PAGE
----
I secured my rack in a dry bag that I’d brought with me and left my rack at the belay before rapping back down to the ledge to prepare for the rain that the angry clouds in the sky was polite enough to assure me was coming.
After an epic fight with my fly, where the wind would turn it into a parachute to make it impossible to cinch the attachments around the corners and beneath the ledge, I finally was setup and ready for the weather to come in. It hadn’t started raining yet, but based upon the look of the sky I decided that I would just take a rest day whether it rained or not. If it didn’t rain, then I would head up and clean the pitch if I got bored.
Boredom was not going to be an issue.
Soon the rain started and continued quickly past the tenth of an inch NOAA promised. My fly was working as designed and so I was toasty in my ledge. I spent my time watching the radar feed on my iPhone and looking to see what the other parties were doing to deal with the rain.
There were three or four parties charging up The Nose in the morning; all but one party immediately decided that this “light rain” was more than they were prepared for and bailed. The last party hunkered down on El Cap Tower and looked like sad dots of rain gear huddled together with nothing but their jackets to protect them. Over on Zodiac, I watched two teams deal with the weather. One team was high up in the Grey Circle and they had their ledges out with only one rainfly that I could see. Protected from the elements, they were continuing to climb like proper hardmen. Another party was lower on the pitch 4 ledge of Zodiac and not having a good time at all. They were huddled without any of their gear that I could see as the rain turned from showers to a full-value downpour. I yelled some monkey calls their way that I had hopes the swirling wind would carry over too them.
As the minutes turned to hours I started a cycle of raiding my snack supply and then napping. After a few hours the rains lifted and the sun came out. The valley had a fresh sparkling smell to it and the low hanging clouds that hugged the East wall of El Cap shimmered in the warming sunlight. The party on The Nose and the lower party on Zodiac took this opportunity to make a hasty exit from their watery prisons.
My radar app showed me that the worst was not yet over as I could see a huge front coming east across California having passed the Bay Area in its wake. I spent some time looking at the pictures that Tom Evans had posted of me up to that point on the climb. It was very cool to see the route from far away. When I climb, I tend to see the route only in a four to ten foot radius and his photos let me see the amazing features and colors of the rock around me during my previous days on the wall.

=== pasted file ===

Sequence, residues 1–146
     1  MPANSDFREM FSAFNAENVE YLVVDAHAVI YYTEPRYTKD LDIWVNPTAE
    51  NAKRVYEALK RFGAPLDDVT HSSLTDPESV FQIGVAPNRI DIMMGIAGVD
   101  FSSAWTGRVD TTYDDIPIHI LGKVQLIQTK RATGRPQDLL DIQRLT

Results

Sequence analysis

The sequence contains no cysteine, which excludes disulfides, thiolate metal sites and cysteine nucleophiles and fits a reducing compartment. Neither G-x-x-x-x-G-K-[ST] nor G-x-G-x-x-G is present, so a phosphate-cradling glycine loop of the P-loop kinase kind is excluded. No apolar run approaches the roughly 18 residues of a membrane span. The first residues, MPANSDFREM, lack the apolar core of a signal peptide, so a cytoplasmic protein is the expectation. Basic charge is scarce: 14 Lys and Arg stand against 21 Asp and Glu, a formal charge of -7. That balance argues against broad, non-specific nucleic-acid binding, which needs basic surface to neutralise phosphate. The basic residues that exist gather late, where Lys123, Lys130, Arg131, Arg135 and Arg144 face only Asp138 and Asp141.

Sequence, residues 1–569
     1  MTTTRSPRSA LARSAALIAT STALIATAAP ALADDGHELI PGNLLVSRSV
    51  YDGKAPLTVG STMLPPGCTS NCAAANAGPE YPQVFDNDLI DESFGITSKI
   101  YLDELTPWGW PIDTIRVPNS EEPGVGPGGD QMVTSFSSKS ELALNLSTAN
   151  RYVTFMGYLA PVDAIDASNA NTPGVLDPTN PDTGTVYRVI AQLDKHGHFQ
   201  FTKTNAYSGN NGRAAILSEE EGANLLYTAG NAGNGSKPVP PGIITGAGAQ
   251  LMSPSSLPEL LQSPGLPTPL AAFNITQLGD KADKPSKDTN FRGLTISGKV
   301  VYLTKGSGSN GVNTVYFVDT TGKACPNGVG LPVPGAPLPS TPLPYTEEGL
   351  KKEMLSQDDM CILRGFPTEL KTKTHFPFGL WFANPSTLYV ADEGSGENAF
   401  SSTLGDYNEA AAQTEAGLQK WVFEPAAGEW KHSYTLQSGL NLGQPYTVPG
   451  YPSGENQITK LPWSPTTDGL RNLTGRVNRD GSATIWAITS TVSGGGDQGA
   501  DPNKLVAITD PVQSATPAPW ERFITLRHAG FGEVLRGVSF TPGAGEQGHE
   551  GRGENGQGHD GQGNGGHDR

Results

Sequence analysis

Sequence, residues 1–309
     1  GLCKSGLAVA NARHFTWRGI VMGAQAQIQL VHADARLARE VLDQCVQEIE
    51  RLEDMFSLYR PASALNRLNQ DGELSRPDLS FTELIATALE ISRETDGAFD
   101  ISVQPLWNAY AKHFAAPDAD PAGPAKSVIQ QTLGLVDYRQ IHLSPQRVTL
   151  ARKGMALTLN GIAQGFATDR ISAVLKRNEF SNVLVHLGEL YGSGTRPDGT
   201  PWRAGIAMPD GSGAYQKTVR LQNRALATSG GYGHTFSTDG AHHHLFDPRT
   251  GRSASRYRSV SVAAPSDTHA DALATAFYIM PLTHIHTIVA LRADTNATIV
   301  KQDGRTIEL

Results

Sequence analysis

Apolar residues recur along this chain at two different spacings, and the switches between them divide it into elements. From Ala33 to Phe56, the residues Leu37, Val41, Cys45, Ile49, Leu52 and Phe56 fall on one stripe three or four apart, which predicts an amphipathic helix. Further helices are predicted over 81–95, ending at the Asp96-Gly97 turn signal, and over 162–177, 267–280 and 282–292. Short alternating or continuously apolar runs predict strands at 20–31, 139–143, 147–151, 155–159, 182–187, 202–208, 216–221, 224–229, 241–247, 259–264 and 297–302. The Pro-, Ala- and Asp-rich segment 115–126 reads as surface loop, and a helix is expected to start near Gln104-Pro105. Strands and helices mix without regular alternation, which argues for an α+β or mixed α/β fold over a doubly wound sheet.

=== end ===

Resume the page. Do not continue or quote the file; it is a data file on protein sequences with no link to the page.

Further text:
I was reminded of a quote I heard on one of the various podcasts I listen to, “Your life gets smaller as you get busier.” Staring at the space beyond my few feet of life while leading allowed me to feel both the immensity and the simplicity of what I was doing. “Pecking away at it.” as Steve Bosque would say.
These routes, so large that we disappear into the stone from the perspective of those on the ground, give us the ability to do impossible things by stacking small possibilities on top of each other like Yertle the Turtle stacking his fellow turtles on top of each other to survey more and more land. When asked how does one climb a bigwall, it seems that the correct answer is, “You don’t. Instead, you climb just to the end of the pitch and repeat, just to the next ledge and repeat, just to the next placement a few feet away, and, like a ladder of turtles, you repeat until you can see farther than any one move can allow you.
Soon enough, the main storm hit, pouring rain down the face of El Cap and threatening my faith in the rainfly. The wind picked up and I had to hold the edges of my fly tightly against the sides of my portaledge to keep everything from ballooning into a parachute. I could see the streams of water rushing past the ledge and into my haulbag that I’d hung below the portaledge in hopes that this would protect it from a short rain shower. Every once in a while the wind would pick up the entire portaledge a few inches and then let it drop back against the wall with a bang. I spent some time watching the raindrops fall past the ledge only to see the wind blow them back upwards. If I waited long enough, I would see the raindrops slow down until they were suspended in midair before rising back up and out of sight.
El Cap storms; where the wind is so topsy-turvy you can watch balls of rain hovering in midair outside your portaledge
Rain in a portaledge on Tribal Rite 1 of 2